One reason to love homeschooling is we get to have a whole new definition of ‘snowday’ ‘holliday’ and ‘vacation.’ Our recent snow means P.E. happens on the hill! We guarantee that our Bluey gets more moving around time in his day than his public schooled peers.
Posts Tagged ‘unplugged’
January 26, 2016 by admin
August 2, 2015 by admin
It has been too long since we’ve had a house with a fireplace or property well suited for a fire-pit. But the wait has finally ended!
After some quick research on reviews and a few days of best-price hunting, we picked up a very affordable fire-pit from our local chain, Farm&Fleet.
Tip1: Be careful of the size of the bowl you are considering when researching what might work best for you. Your bargain find may have a very small burning surface which doesn’t work out well. We went with a 30 inch fire bowl and couldn’t be happier!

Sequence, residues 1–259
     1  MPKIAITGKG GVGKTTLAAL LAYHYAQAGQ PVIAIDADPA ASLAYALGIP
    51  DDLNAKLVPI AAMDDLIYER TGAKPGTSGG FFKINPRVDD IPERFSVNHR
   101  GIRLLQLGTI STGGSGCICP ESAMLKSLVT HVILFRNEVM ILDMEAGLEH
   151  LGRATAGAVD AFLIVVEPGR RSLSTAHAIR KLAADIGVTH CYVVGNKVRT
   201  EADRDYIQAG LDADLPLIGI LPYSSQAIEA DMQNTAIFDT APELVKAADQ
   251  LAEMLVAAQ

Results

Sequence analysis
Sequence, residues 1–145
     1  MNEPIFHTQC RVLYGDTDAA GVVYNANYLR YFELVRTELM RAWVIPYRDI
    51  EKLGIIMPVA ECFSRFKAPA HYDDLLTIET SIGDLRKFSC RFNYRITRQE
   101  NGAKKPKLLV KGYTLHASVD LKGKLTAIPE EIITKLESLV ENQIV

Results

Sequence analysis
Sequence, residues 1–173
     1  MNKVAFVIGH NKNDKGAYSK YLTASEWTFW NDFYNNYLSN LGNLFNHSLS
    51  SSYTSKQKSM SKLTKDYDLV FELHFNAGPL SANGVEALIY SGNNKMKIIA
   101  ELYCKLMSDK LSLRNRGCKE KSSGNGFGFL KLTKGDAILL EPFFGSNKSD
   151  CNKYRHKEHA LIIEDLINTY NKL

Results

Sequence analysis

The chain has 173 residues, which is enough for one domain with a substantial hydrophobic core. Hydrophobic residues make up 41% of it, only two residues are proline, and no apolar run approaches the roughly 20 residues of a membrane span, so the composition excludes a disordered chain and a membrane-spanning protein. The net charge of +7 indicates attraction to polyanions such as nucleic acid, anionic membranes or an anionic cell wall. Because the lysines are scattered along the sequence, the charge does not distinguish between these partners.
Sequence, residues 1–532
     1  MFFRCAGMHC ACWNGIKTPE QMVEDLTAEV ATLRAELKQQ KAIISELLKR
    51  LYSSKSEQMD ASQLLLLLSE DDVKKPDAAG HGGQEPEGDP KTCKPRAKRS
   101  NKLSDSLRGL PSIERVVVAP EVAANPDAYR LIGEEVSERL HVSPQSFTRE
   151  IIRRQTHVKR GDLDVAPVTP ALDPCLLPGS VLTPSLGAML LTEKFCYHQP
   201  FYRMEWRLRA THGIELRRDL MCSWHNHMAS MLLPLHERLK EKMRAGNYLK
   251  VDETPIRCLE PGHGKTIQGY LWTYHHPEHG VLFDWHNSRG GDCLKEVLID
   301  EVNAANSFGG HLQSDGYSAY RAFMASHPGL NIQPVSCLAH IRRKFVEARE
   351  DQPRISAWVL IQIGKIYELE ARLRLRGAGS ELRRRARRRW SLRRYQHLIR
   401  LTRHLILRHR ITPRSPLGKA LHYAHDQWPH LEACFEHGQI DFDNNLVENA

We are fortunate to have a cement slab “deck” area in our backyard that is perfect for safely positioning a fire-pit. Make sure you consider the placement of your pit carefully and have access to the usual fire safety tools.
TRDad spent a good amount of time discussing proper fire building with our young Bluey. TRDad also made sure that Bluey understood that you must respect your fire and use great caution while stoking or minding it. They gathered up kindling and before long, our first fire was burning bright.
Tip2: Keep the makings for S’mores tucked away in your pantry. The ingredients are super cheap and the enjoyment is guaranteed. You can even find vegetarian marshmallows at most specialty stores and coops.